Antony and the Duchessa di Donatello alone seemed somewhat aloof from them. They formed part of the concert audiences, it is true; but they neither played bridge, quoits, nor cricket, nor knitted woollen articles, nor read magazines. The Duchessa employed her time with a piece of fine lace work, when she was not merely luxuriating in the sunshine, or conversing with Antony. Antony either conversed with the Duchessa, or sat in his deck chair, smoking and thinking about her. There was certainly a distinct sameness about the young man's occupation, which, however, he found not in the smallest degree boring. On the contrary, it was all-absorbing and fascinating. The very hours of the day were timed by the Duchessa's movements, rather than by the mere minute portions of steel attached to the face of a commonplace watch. Thus:—

Dawn. He realizes the Duchessa's existence when he wakes. (His dreams had been coloured by her, but that's beside the mark.)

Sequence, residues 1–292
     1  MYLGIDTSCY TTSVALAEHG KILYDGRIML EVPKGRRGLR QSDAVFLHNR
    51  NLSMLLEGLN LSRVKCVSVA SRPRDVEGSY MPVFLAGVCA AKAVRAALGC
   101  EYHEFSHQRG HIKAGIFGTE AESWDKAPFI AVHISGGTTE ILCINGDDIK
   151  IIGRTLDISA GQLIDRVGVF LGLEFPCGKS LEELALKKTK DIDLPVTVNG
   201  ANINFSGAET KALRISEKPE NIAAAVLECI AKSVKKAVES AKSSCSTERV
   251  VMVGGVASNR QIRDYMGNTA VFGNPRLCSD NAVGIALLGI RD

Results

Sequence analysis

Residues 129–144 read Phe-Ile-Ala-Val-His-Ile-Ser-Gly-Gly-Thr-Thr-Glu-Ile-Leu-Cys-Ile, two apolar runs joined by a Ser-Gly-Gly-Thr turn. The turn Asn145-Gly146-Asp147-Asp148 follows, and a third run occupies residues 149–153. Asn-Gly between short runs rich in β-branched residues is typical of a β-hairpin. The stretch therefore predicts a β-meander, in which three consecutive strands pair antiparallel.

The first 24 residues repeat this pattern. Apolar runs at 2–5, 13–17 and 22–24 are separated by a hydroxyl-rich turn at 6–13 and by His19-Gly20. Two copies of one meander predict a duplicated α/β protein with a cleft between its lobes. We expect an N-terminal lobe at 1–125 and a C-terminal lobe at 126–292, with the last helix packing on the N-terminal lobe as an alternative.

Daybreak. The Duchessa ascends on deck and smiles at him.

Breakfast time. The Duchessa sits opposite to him.

The sunny morning hours. The Duchessa sews fine lace; she talks, she smiles,—the smile that radiates through the sadness of her eyes.

And so on, throughout the day, till the evening gloaming brings a hint of further intimacy into their conversation, and night falls as she wishes him pleasant dreams before descending to her cabin.

He dwelt then, for the moment, solely in her friendship, but vaguely the half articulate thought of the future began to stir within him, pulsing with a secret possibility of joy he barely dared to contemplate.



CHAPTER VI

AT TENERIFFE

It was about ten o'clock of a sunny morning that the Fort Salisbury cast anchor off Teneriffe, preparatory to undergoing the process known as coaling.

Antony, from her decks, gazed towards the shore and the buildings lying in the sunlight. Minute doll-like figures were busy on the land; mules, with various burdens, were ascending the steep street. Boats were already putting out to the ship, to carry ashore such passengers as desired to spend a few hours on land.